“ The audience always sings along too, which we love,” Connolly continued, noting there will be Christmas treats like mince pie and gingerbread, plus Christmas refreshments like hot chocolate and eggnog plus a cash bar.


“ When you come, you will be in for a very lovely evening. Shakespeare meets Dickens is a lovely way to celebrate Christmas,” Connolly promised.


“Hurry Hard” auditions are coming for Playgoers of Lethbridge’s February production

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Playgoers of Lethbridge welcomes a new director directing a fresh new Canadian comedy “Hurry Hard,” by Kristen Da Silva .


“ I directed  high school plays for 44 years so I’ve directed 95 plays, but I’ve never directed adults before. So I’m looking forward to that challenge,” said director Greg Wolcott.

 Auditions for “Hurry Hard” are Monday, Nov. 20 at 8 p.m and Tuesday, Nov. 21 in the casa community room.


“ It’s a slice of Canadian life. These characters are very common and simple people. Curling is a big part of their lives,” Wolcott summarized, adding you don’t have to know anything about curling to understand the play.


“I haven’t seen it. The rights just came available. It deals with relationships around a small town curling club. It’s about a couple who are forced to reconcile over curling,” he continued.

 One of the members of the rink is forced to drop out during health issues which means the couple are forced to work together to compete in a big regional bonspiel when one of  the rink members has to drop out because of health issues.


Fran Rude to retire with one last LSCO Fundraiser: The Secret Garden

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Lethbridge theatre mainstay Fran Rude, who won the Joan Waterfield Memorial Award for lifetime achievement in the arts this year says farewell with her last production of  the musical The Secret Garden, Nov.10-12.


“We all have to retire some time,” said Rude recovering from a broken hip but is excited to collaborate again with Ken Rogers on the Tony award winning musical “The Secret Garden, to raise money for LSCO programming.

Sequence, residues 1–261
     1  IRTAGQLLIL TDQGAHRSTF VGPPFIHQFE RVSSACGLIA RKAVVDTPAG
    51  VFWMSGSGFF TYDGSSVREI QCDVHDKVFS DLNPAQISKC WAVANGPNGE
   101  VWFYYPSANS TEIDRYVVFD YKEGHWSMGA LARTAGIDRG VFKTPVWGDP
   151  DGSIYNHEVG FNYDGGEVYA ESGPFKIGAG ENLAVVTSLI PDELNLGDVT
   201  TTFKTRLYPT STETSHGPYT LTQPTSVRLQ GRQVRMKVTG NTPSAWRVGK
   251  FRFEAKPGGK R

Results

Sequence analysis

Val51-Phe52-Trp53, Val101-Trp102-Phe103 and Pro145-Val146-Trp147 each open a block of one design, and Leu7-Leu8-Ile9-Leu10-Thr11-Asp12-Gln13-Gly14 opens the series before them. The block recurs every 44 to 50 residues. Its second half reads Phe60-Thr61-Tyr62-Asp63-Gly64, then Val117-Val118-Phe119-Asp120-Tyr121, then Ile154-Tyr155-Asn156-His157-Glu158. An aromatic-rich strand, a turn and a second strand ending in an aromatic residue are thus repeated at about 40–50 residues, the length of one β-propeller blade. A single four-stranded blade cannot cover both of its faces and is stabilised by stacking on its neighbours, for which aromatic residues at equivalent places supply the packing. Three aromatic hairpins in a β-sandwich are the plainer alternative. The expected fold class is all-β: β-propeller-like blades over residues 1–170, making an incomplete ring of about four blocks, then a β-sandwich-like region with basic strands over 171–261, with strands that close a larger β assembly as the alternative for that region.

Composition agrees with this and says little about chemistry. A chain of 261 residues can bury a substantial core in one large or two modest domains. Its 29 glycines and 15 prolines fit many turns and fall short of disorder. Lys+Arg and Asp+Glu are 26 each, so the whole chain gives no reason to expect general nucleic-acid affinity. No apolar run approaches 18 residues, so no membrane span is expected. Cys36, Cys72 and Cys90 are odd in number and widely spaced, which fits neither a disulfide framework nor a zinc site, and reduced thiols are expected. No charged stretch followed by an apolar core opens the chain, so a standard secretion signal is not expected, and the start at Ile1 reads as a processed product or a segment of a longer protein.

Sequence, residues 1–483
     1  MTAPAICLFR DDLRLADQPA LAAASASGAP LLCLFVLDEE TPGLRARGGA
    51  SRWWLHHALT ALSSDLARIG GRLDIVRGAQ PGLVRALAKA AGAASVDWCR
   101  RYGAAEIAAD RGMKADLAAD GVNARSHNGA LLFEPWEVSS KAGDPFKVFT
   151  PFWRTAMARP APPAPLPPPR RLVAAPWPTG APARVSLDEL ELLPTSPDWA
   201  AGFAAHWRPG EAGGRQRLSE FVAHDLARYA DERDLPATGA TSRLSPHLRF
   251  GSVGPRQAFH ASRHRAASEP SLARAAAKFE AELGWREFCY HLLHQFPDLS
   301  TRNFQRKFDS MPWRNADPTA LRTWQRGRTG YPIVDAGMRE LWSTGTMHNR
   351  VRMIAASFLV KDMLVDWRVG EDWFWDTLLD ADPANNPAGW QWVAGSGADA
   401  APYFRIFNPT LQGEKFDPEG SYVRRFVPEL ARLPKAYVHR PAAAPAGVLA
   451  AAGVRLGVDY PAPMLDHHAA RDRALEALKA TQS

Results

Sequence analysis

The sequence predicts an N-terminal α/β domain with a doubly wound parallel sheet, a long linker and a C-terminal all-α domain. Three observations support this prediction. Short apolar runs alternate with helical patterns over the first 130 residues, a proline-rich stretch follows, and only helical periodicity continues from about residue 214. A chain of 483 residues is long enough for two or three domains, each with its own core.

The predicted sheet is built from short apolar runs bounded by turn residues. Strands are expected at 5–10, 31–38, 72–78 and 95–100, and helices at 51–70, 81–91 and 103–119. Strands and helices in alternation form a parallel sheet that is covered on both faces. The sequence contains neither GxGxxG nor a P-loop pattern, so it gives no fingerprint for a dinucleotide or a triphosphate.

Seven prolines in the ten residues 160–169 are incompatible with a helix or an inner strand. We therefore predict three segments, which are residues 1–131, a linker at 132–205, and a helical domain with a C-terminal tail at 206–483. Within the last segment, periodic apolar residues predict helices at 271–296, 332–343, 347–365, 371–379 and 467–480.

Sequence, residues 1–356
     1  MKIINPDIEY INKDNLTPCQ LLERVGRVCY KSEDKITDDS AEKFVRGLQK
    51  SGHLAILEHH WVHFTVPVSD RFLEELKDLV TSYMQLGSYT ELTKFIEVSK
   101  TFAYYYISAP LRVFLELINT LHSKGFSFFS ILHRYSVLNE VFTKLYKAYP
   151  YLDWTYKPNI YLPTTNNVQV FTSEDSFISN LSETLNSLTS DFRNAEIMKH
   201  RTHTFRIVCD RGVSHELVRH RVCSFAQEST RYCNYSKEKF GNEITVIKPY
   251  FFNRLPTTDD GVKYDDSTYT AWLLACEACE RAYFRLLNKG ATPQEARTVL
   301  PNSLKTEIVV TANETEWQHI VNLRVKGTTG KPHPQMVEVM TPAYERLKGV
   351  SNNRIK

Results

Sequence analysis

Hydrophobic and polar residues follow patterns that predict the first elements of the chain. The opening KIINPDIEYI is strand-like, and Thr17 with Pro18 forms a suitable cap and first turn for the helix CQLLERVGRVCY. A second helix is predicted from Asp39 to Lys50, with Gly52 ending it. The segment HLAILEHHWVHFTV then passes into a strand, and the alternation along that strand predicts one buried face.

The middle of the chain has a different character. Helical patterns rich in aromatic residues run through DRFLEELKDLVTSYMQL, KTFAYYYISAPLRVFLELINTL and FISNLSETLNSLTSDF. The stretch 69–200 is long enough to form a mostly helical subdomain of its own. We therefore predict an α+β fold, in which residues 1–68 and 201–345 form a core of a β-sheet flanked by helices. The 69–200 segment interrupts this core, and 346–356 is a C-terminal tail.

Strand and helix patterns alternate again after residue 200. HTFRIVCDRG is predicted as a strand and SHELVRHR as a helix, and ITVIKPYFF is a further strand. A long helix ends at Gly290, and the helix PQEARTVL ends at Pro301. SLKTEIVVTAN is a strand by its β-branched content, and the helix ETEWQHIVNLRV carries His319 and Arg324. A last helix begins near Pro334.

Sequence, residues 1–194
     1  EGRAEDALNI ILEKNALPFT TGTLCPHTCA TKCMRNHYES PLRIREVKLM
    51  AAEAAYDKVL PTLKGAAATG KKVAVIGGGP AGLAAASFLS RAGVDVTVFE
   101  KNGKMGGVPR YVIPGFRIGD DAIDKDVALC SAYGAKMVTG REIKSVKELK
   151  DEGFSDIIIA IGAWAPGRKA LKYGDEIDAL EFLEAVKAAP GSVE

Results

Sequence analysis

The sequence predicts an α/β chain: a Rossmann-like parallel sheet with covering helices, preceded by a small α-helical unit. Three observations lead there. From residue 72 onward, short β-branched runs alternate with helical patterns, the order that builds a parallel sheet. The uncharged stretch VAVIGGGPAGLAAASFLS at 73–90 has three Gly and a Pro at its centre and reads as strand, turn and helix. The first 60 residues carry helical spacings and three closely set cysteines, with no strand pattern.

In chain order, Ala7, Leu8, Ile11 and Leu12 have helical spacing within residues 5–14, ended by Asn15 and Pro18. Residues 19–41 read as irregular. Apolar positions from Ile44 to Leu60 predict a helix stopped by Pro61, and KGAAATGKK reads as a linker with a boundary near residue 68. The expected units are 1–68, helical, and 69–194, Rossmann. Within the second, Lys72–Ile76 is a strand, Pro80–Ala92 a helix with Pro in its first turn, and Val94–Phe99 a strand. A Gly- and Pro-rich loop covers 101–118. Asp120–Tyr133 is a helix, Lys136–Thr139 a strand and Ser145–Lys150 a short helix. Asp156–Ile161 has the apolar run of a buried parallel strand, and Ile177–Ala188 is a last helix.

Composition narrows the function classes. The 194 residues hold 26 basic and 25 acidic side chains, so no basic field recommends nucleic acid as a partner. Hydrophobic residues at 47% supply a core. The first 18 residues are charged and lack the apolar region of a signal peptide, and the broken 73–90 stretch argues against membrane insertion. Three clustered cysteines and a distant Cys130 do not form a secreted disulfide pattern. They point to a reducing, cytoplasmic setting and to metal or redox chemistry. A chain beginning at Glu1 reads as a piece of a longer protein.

Fran Rude is excited about her last LSCO  fundraiser, The Secret Garden.Photo by Richard Amery

 It is a “heartwarming tale of hope, family and the transformative power of Nature” inspired by Frances Hodgson Burnett’s beloved novel. The LSCO fundraising show runs at the Yates Theatre 7:30 p.m.  Nov. 10 and 11 and at 2 p.m. on Sunday, Nov. 12.


“It’s a lovely story and the music is beautiful,” Rude said.


“It’s about a girl whose family  dies in a cholera outbreak in India in 1910 so she goes to live with her uncle in Yorkshire, England. He lost his wife so he learns to love again,” summarized Ken Rogers, who is excited about  working with a handpicked cast of 35, though they auditioned for the two child roles,  plus a live orchestra of 18, mostly members of the Lethbridge Symphony orchestra, concentrating on strings.


“ The two children are outstanding and remarkable,” Rude enthused.

“There are 33 musical numbers in this show. The musical score is absolutely gorgeous. It’s very orchestral. They are sumptuous and the strings are stunning,” Rogers said, noting there are solos, duos, trios and quartets  sprinkled throughout the performance.


“The musicians come from all walks of life,” he said.

 “We handpicked the cast for people we knew could play the roles. We’ve been working in the local theatre community for so long, we knew who would be best for the roles,” he said

 Rogers is excited to collaborate with Rude one last time on a large scale fundraiser for the LSCO and decided to choose a show that would be a guaranteed hit, as  The LSCO  put their money on the line to produce the show.


“We didn’t want to choose a show that won’t sell  out,” he said, noting tickets are going fast. Closing night is almost sold out already.

Rude worked with Rogers on a smaller scale production of the musical in 1986.

“It’s staged quite differently,” Rude said, adding the musicians are on stage with the actors.